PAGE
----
Your Shopify store is set up, it looks great, and the first orders are coming in. Perfect!
The next big step is generating some serious traffic through Google.
Just imagine. If your online store was on Google’s first page of results, you could generate sales without having to spend a penny on advertising.
Of course, rising up the Google ranks isn’t easy. But it is possible with some clever ‘search engine optimization’ or SEO.
Catch-up On Our Complete Shopify Guide
In part 3 of this Shopify guide, we’re looking at the essentials of SEO for Shopify. Let’s jump straight in.
Keywords are the heart of SEO. Keywords tell Google exactly who you are and what you do.
To come up with the best keywords, put yourself in your customer’s shoes. What would you search for to find your products? Maybe it’s ‘punk t-shirts’ or ‘prom dresses’ or ‘adventure cameras’.
There’s a sweet spot when it comes to choosing keywords. It’s hard to rank for broad keywords, like ‘shoes’ because the biggest retailers dominate. On the other hand, a niche key phrase like ‘purple velcro punk shoes’ won’t pick up enough searches. Try something in the middle, like ‘punk shoes’.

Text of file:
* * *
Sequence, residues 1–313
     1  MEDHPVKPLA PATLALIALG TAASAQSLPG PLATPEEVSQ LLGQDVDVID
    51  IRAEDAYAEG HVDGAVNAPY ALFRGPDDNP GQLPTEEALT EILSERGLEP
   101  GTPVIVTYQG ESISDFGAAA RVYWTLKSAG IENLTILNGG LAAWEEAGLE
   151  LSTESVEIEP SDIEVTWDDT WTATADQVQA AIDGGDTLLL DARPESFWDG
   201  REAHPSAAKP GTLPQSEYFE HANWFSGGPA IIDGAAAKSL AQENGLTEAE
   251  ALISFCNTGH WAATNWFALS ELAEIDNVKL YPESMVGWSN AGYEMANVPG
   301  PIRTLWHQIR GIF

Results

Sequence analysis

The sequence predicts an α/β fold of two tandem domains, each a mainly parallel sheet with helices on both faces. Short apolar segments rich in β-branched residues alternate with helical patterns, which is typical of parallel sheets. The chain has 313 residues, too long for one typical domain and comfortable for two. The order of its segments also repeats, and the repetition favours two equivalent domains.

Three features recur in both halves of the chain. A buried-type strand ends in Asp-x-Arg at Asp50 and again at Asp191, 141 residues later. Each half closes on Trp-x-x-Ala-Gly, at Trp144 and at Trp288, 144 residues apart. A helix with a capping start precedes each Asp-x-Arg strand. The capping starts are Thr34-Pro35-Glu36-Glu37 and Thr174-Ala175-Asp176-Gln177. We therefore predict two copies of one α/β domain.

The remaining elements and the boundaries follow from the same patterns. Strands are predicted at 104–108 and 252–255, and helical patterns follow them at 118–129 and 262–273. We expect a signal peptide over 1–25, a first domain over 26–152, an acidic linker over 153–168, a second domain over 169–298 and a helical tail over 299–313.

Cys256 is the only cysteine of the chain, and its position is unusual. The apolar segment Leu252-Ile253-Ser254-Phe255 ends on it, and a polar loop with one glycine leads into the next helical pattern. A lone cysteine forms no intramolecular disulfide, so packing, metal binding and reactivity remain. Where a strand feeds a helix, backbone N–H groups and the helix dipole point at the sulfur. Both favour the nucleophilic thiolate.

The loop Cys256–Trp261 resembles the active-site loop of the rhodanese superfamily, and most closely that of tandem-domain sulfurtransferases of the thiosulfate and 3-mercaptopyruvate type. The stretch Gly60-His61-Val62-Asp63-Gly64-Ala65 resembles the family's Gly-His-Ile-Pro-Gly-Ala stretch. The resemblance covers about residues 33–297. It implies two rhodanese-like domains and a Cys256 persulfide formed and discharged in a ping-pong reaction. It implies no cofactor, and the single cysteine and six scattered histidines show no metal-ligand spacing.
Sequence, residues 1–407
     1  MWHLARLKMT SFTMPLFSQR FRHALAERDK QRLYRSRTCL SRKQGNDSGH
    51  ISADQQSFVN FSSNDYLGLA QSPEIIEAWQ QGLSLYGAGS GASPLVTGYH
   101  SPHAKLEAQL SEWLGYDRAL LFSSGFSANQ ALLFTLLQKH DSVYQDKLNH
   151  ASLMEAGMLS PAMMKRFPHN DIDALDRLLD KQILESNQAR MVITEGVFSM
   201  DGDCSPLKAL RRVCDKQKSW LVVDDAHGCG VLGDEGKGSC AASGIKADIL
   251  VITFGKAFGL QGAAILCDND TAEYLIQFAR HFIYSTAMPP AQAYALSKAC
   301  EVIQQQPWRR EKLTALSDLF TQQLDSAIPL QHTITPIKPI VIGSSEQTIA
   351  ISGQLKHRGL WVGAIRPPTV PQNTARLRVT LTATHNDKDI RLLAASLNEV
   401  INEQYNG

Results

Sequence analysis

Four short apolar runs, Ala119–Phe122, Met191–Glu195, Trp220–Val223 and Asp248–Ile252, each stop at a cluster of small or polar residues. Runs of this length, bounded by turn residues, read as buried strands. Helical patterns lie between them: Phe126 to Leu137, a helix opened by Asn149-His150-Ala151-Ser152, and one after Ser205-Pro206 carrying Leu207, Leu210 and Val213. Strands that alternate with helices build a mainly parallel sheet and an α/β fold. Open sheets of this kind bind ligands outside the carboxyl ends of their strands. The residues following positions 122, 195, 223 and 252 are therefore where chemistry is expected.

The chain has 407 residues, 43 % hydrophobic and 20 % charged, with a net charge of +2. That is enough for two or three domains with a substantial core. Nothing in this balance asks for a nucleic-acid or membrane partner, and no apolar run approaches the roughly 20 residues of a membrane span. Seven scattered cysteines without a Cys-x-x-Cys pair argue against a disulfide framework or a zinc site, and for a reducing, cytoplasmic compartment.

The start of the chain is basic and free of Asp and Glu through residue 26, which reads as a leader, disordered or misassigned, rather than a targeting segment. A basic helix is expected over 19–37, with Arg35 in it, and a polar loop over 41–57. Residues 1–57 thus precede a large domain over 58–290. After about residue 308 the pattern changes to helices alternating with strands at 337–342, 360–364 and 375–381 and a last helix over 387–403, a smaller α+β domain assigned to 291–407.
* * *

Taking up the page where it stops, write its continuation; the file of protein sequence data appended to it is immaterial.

There’s a science to choosing the right words and phrases. We recently wrote a detailed post about keyword selection which is a good starting point.
Here’s the biggest difference between normal SEO and SEO for Shopify:
You want searchers that will actually buy something.
Let’s say you sell handmade jewelry on Shopify. People searching for ‘handmade jewelry’ might be looking for information on making jewelry. You’re not interested in those people.
You want a customer who wants to buy handmade jewellery. Try modifying your keywords or phrases to include active words like ‘buy’, ‘best’ ‘cheap’.